Broadway veteran and Orange Is the New Black regular Annie Golden plays a character named Annie Golden, a 64-year-old former showgirl on the skids who's desperate for a job, in Broadway Bounty Hunter. The musical is now running in its world premiere production at Barrington Stage Company's black box theater in downtown Pittsfield, Massachusetts.
The new show is a gift to Golden from three writers: Joe Iconis who wrote the music and lyrics, and Lance Rubin and Jason "SweetTooth" Williams, who collaborated on the book. Despite the prevailing stage-and-film culture that casts women over 40 into roles of crazy maids, mothers, or witches, the trio puts Golden and her talents center stage, and backs it all with a six-piece band to deliver the sounds of the sensational R&B, funk, and rock score.
The show opens with a terrific anthem, "Woman of a Certain Age," performed by Golden at an audition, where she is competing with "catty twenty-year-old chorus girls" for the same part. An ensemble of eight of the most appealing (and young) singing and dancing stage folks — Badia Farha, Anastacia McCleskey, George Salazar, Shannon Tyo, Jason Veasey, Kourtney Keitt, Jamie Patterson, and Porsha Putney — surround Golden for every number as they change costumes and characters with the speed of atoms colliding. Needless to say, Golden doesn't get the part, and retreats to her pitiful room, with her late husband's picture in a frame to keep her company.
Enter the dream scene, enlivened by Scott Watanabe as the Kung Fu master, determined to wreak his revenge on the villainous badass drug dealer and pimp Mac Roundtree, portrayed by the larger-than-life Jeff McCarthy. Golden is appointed to apprehend Mac at his Venezuelan brothel in exchange for lots of cash. Golden is accompanied on the hunt by her partner, the supercool Lazarus, played by Alan H. Green, who is majestic of voice, mercurial, and impressive, especially in his sung asides to the audience. There's a sweetness to the chemistry that gradually warms between Green and Golden, despite the chasm between their ages and life stories. Golden determines that she can fulfill the assignment by treating it as another role in her acting career.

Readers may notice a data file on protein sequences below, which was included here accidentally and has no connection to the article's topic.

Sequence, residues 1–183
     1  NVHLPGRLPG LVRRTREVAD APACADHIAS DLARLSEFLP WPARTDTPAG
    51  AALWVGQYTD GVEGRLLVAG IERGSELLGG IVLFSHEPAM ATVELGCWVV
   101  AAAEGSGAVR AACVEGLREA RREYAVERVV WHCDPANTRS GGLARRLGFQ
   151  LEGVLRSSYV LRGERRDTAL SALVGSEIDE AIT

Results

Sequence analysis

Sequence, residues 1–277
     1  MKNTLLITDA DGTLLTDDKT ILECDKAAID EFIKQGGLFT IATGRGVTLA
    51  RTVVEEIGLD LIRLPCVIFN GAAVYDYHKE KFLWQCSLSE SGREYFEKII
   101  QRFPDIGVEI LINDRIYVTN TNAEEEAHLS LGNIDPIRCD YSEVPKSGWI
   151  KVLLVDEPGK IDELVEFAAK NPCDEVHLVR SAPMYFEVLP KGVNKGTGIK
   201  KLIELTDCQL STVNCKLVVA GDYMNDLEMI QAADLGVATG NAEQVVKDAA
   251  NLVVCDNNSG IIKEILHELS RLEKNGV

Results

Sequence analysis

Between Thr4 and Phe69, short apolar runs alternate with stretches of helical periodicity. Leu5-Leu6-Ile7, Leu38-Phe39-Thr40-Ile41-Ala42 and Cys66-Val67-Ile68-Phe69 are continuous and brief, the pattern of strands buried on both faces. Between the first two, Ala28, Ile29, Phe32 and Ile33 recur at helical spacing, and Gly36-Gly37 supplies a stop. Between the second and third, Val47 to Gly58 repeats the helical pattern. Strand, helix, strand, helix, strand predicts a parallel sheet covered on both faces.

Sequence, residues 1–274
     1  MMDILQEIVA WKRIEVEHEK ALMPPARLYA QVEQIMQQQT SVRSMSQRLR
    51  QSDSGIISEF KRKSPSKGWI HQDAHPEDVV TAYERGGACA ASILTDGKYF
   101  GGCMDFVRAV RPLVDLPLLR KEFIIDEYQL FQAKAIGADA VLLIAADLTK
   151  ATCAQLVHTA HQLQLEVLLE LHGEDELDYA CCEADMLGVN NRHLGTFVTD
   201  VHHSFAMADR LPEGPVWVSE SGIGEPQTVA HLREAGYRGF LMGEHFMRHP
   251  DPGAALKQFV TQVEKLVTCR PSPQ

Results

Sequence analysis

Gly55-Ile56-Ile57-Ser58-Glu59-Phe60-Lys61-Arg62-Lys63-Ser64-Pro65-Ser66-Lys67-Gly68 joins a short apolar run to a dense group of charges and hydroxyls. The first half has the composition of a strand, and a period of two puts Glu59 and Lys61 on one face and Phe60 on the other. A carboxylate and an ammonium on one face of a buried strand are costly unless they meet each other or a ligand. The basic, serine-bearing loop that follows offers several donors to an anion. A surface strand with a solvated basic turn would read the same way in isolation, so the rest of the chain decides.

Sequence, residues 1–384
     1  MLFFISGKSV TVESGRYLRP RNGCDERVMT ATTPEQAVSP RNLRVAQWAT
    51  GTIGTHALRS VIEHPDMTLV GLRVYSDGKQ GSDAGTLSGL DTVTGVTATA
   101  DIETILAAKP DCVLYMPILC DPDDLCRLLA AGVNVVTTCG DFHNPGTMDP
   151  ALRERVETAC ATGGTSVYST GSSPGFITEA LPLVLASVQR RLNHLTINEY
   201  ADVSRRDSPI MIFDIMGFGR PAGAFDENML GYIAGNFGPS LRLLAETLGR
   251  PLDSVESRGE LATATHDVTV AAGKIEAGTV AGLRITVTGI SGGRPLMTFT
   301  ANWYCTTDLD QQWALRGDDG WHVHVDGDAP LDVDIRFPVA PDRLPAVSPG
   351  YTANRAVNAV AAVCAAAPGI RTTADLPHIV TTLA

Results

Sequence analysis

To sum up the rest of the plot, a takeoff on '70s blaxploitation films with a nod to the Kung Fu influence, it's a mess of clichés, warmed-over gags, and unbelievable motivations. But never mind all that. Suffice it to say that by the end Golden and Lazarus reap an unlikely triumph. The mix of wishful thinking and old-time stage gimmicks, not to mention a romance with the hunky Lazarus, save Annie from the vicissitudes of creeping old age.
Julianne Boyd, who stepped in as director two weeks ago, keeps the action tuned to high. She is helped mightily by the MTV-inspired choreography of Jeffrey Page, which is sharply honed by the cast. You have never seen attitude so aptly expressed in the multitude of snapping of fingers flung carelessly over eight pairs of shoulders as you have with these performers. Included in many of the numbers, Golden is cuddly in appearance and downright delicious in her determination to keep up with the gang. She has the moxie to belt out her songs as well, making her an empathetic figure, determined, honest, and filled with a joie de vivre that never quits.
Despite the low-budget production and small stage, the decor and costumes suggest the changing locales, especially in designer Timothy Mackabee's depiction of Venezuela by a whimsical and imaginative parade of miniature potted palm trees, carried by the ensemble. Best of show, however, are the score and lyrics by Iconis, which surely will propel this project beyond its current production. If her solution for seniors switching careers is not for everyone, it sure suits Annie Golden and the audiences treated to this version of her fate.